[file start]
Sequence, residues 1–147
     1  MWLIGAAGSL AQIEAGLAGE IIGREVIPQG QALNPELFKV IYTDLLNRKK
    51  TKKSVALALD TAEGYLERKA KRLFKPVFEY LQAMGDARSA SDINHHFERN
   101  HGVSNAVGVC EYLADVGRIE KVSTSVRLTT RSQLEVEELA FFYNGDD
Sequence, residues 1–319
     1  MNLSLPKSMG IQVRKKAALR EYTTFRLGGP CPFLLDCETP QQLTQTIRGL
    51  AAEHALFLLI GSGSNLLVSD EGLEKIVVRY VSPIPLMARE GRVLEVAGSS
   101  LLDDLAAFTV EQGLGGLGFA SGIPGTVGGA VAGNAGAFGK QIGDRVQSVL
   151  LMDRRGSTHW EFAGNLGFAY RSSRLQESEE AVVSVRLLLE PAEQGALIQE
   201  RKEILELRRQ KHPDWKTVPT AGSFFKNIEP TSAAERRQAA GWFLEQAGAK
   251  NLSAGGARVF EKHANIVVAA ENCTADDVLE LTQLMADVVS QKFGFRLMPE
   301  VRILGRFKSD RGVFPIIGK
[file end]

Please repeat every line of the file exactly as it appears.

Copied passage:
Sequence, residues 1–147
     1  MWLIGAAGSL AQIEAGLAGE IIGREVIPQG QALNPELFKV IYTDLLNRKK
    51  TKKSVALALD TAEGYLERKA KRLFKPVFEY LQAMGDARSA SDINHHFERN
   101  HGVSNAVGVC EYLADVGRIE KVSTSVRLTT RSQLEVEELA FFYNGDD
Sequence, residues 1–319
     1  MNLSLPKSMG IQVRKKAALR EYTTFRLGGP CPFLLDCETP QQLTQTIRGL
    51  AAEHALFLLI GSGSNLLVSD EGLEKIVVRY VSPIPLMARE GRVLEVAGSS
   101  LLDDLAAFTV EQGLGGLGFA SGIPGTVGGA VAGNAGAFGK QIGDRVQSVL
   151  LMDRRGSTHW EFAGNLGFAY RSSRLQESEE AVVSVRLLLE PAEQGALIQE
   201  RKEILELRRQ KHPDWKTVPT AGSFFKNIEP TSAAERRQAA GWFLEQAGAK
   251  NLSAGGARVF EKHANIVVAA ENCTADDVLE LTQLMADVVS QKFGFRLMPE
   301  VRILGRFKSD RGVFPIIGK